403/503- Homework 4

This set is due Monday, April 11. The questions in problem 2 are required from everybody, and graduate students should also work on problem 1. (Of course, it would make me happier if everybody attempts problem 1 as well.)

1. Let V be a real finite-dimensional, inner product space. For T\in {\mathcal L}(V), define

\|T\|_1=\sup_{\|u\|=1}\|Tu\|,

and

\|T\|_2=\sup_{\|u\|=1}|\langle u,Tu\rangle|.

a. Prove that \|\cdot\|_1 is a norm on the vector space {\mathcal L}(V). In particular, \|T\|_1<\infty for all T. Also, prove  that \|Tu\|\le\|T\|_1\|u\| for all u.
b. Prove that \|T\|_2\le\|T\|_1 for all T. Is \|\cdot\|_2 also a norm?
c. Prove that for any T there are vectors u_0,u_1 of norm 1 with \|T\|_1=\|Tu_0\| and \|T\|_2=|\langle u_1,Tu_1\rangle|.
d. Suppose now that T is such that \|T\|_1=\|T\|_2. Prove (without appealing to the fundamental theorem of algebra and without using determinants) that T admits an eigenvalue \lambda (real) with eigenvector u_1 as in item c and, in fact, \lambda=\langle u_1,Tu_1\rangle.
e. Prove that for any T, we have \|T^2\|_1\le\|T\|_1^2.
f. Suppose that T is self-adjoint. Check that so is T^2 and that \|T^2\|_2=\|T^2\|_1. In particular, this gives a proof that squares of self-adjoint operators on real vector spaces  admit eigenvalues that does not use the fundamental theorem of algebra. Check that the eigenvalues of T^2 are non-negative.
g. Again, let T be self-adjoint. (So we know there is an orthonormal basis for V consisting of eigenvectors of T.) Assume also that T is invertible, that there is a unique eigenvalue \lambda of T of largest absolute value, and that this \lambda satisfies {\rm dim}({\rm null}(T-\lambda I))=1. Let u be an eigenvector of T with eigenvalue \lambda and such that \|u\|=1. Starting with a vector v_0 of norm 1 (arbitrary except for the fact that v_0 is not orthogonal to u), define a sequence v_1,v_2,\dots of unit vectors by setting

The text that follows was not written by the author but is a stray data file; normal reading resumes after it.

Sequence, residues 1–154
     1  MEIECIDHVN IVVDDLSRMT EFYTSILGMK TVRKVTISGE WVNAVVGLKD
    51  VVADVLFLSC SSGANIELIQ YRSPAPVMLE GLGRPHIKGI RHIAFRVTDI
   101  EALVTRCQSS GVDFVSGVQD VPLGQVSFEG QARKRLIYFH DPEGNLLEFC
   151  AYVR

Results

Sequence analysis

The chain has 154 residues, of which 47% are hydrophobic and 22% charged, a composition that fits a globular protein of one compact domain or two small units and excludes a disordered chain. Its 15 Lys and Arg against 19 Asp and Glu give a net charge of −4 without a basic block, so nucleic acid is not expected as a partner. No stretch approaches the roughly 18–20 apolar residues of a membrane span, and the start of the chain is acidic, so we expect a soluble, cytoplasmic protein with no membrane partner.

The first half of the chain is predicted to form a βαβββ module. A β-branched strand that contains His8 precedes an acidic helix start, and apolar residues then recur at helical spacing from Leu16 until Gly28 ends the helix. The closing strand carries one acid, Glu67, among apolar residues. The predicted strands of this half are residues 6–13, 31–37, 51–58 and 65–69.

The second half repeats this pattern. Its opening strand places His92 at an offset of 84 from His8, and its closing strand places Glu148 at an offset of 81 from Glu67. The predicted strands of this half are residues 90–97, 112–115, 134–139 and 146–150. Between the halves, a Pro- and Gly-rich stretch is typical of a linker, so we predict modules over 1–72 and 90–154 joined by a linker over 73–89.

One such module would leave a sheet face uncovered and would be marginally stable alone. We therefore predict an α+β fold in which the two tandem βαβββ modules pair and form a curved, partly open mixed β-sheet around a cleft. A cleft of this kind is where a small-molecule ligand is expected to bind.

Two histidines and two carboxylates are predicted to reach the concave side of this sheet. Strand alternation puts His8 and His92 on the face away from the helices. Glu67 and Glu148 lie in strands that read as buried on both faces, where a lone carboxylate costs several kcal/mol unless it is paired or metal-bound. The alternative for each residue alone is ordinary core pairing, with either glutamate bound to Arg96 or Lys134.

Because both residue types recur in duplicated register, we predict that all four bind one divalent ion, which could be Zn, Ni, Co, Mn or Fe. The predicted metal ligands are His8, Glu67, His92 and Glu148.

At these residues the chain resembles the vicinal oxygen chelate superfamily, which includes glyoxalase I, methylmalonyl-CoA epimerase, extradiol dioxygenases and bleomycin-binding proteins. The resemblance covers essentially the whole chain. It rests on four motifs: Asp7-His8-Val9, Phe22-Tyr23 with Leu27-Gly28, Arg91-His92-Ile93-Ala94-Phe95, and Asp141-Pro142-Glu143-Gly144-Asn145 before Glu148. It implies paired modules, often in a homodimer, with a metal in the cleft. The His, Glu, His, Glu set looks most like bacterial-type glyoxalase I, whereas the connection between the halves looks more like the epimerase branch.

v_{k+1}=\displaystyle \frac1{\|Tv_k\|}Tv_k

(and note we are not dividing by 0, so these vectors are well defined). Also, define a sequence of numbers \lambda_1,\lambda_2,\dots by setting

\lambda_k=\langle v_k,Tv_k\rangle.

Prove that there is a sequence \epsilon_1,\epsilon_2,\dots with each \epsilon_k equal to 1 or -1 and such that

\|v_k-\epsilon_k u\|\to 0

and

|\lambda_k-\lambda|\to 0

as k\to\infty.

2. Solve problems 7.1, 7.3, 7.6, 7.7, 7.11, 7.14 from the book.

Note: In problem 1.f, the eigenvalues of T^2 are precisely the squares of the eigenvalues of T, but at the moment I do not have a way of showing this directly. As extra-credit, show without appealing to the fundamental theorem of algebra (and without using determinants, of course) that T must have a real eigenvalue.

Advertisements

Leave a Reply

Fill in your details below or click an icon to log in:

WordPress.com Logo

You are commenting using your WordPress.com account. Log Out / Change )

Twitter picture

You are commenting using your Twitter account. Log Out / Change )

Facebook photo

You are commenting using your Facebook account. Log Out / Change )

Google+ photo

You are commenting using your Google+ account. Log Out / Change )

Connecting to %s

%d bloggers like this: